(4) T is a generalized quasi-contractive with respect to ? .
Then T has a unique fixed point in X .
Proof. Also the same idea with ? ? ? 2 .
We suggest another corollary, which is an immediate consequence of our Theorem 3.1. Let (X , d , ?) be a bimetric space. Assume that for T : X ?? X , the following conditions are satisfied:
(1) d (x, y) ? ?(x, y) for all x, y ? X ;
(2) X is complete with respect to d ;
(3) T is continuous with respect to d;
(4) T is a ?quasi-contractive with respect to ?, where ? ? max 0?k?3 {? k , 2? 4 }.
Moreover, assume ? > max{? 0 , ? 3 , ? 4 }.
Then T has a unique fixed point in X .
PROOF. All hypotheses of Theorem 3.1 are satisfied by taking P = Q = X .
A new class of non-self-mappings in bimetric space is given in this paper. This has been achieved by introducing the proximal ?-quasi-contraction mappings involving ?comparison functions. Under some additional conditions, we establish the existence and uniqueness of best proximity points for such mappings. As an application, we derive some fixed point results which are known in the literature. We believe that the approach used in the current contribution, may be extended for non-self-mappings which are not necessarily continuous.
# VI.
# Conclusion
Corollary 5.1.
![Best Proximity Point Theorem on the Context of Bimetric Spaces M. Iadh. Ayari ? , M. Ali. Ayari ? & Sahbi. Ayari ?](image-2.png "Common")
2![Fan. K. Extentions of two fixed point theorems of F.E. Brower.Math. Z.., 112 (1669), 234-240.II.](image-3.png "Ref 2 .")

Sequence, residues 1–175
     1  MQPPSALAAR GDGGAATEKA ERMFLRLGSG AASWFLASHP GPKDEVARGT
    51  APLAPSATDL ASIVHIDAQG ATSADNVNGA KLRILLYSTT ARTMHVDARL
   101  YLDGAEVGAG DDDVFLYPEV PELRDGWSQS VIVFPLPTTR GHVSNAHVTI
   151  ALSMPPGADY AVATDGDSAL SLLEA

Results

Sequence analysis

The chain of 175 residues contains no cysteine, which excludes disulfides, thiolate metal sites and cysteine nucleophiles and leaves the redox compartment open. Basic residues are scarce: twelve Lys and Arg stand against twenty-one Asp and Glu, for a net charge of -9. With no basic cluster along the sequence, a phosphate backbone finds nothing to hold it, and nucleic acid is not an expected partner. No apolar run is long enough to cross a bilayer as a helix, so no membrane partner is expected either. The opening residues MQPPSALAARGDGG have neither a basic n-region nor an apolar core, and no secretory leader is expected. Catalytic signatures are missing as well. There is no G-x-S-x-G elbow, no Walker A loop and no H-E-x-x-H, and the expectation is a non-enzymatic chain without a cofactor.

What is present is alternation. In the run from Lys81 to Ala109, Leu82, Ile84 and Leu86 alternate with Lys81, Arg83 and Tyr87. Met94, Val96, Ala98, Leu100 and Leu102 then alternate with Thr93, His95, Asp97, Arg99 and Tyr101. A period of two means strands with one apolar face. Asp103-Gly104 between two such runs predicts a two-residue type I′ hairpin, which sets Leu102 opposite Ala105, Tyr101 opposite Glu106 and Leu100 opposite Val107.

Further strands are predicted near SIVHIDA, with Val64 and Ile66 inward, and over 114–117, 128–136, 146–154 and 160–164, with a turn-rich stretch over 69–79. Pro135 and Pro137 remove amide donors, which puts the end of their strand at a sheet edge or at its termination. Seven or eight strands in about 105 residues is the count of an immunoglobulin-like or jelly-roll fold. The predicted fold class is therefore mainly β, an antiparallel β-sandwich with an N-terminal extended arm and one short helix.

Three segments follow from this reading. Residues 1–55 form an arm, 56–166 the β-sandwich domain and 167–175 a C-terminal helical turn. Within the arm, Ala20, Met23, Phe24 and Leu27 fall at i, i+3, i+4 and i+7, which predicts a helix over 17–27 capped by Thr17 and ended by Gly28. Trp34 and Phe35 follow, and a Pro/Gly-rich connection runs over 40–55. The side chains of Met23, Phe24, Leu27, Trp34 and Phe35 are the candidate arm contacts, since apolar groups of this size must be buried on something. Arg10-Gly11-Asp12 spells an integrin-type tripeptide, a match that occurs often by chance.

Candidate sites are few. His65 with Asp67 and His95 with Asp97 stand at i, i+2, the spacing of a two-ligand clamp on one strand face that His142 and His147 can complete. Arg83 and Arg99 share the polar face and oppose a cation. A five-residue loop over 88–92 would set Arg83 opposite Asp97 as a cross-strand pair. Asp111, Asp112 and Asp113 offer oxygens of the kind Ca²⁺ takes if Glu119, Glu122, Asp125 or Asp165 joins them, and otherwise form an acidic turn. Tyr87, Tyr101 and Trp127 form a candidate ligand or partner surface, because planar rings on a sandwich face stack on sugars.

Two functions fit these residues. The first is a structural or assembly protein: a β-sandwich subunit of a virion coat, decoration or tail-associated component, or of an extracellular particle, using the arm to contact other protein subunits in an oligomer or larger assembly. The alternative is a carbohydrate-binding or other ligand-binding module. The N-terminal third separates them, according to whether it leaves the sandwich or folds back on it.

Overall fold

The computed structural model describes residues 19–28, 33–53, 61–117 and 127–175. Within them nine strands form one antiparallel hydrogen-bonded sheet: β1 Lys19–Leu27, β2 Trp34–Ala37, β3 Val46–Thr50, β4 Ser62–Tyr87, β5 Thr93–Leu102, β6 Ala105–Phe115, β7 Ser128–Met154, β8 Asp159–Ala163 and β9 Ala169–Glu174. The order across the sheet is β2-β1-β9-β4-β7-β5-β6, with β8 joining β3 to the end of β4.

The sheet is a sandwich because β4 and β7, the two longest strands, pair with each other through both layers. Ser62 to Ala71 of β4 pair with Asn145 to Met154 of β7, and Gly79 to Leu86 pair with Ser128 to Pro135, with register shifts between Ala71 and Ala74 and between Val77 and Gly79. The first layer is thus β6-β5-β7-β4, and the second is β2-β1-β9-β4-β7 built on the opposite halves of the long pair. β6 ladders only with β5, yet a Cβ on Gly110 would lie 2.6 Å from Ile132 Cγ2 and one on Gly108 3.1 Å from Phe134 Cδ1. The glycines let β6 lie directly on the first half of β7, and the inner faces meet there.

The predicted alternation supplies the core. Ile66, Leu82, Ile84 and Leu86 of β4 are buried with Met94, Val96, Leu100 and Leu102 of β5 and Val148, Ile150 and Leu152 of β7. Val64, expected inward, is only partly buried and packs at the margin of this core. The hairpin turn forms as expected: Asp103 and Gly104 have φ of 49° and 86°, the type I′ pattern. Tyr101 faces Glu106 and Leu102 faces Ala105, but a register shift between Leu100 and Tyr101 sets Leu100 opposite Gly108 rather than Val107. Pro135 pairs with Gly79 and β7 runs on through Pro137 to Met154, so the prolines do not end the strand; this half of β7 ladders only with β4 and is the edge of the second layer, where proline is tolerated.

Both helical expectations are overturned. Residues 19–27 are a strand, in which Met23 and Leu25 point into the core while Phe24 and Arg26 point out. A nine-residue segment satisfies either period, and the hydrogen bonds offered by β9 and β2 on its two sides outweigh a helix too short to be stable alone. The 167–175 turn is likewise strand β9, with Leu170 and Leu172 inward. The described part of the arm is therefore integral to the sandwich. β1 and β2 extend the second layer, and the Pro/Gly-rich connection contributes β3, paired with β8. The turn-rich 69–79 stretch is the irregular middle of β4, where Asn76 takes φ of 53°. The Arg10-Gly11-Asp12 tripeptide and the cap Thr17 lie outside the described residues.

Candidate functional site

![we have T is continuous with respect to d , and, so it follows that lim n??+? d (x n+1 , T x n ) = d (p * , T p * ) = d (P,Q).](image-4.png "")
![which is a contradiction. Thus ? = 0 and therefore ?(p * , s * ) = 0.The conditions (A3) and (A6), which occur in Theorem 3.1, are always satisfied in finite dimensional normed spaces.Consider the complete Euclidian space X = R 2 with the metrics ?((x 1 , y 1 ), (x 2 , y2 )) = |x 1 ? x 2 | + |y 1 ? y 2 |and the Euclidian distance d = (x 1 ? x 2 ) 2 + (y 1 ? y 2 ) 2 . Using the inequality a + b ? a + b, we get d ((x 1 , y 1 ), (x 2 , y 2 )) ? ?((x 1 , y 1 ), (x 2 , y 2 )).So the assertion A2 of Theorem 3.1 is satisfied.](image-5.png "")
RefDefinition 2.1.Year 201961ersion I VIIIssueRemark 2.1.lemma 2.1.( F )lemma 2.2.8. Sadiq. Bacha. Extentions of Banach's contraction principle. J. Num. Func. Anal. Optim Theory Appl., 31 (2010), 569-576. © 2019 Global Journals
Proof.Ref12. M. Iadh. Ayari, M.M.M. Jaradat, ZeadMustfa. Generalization of Best 1 Global Journal of Science Frontier Research Volume XIX Issue ersion I V II Year 2019 62 Proximity Points Theorem for Non-Self Proximal Contractions of First Kind ( F )Submitted.© 2019 Global Journals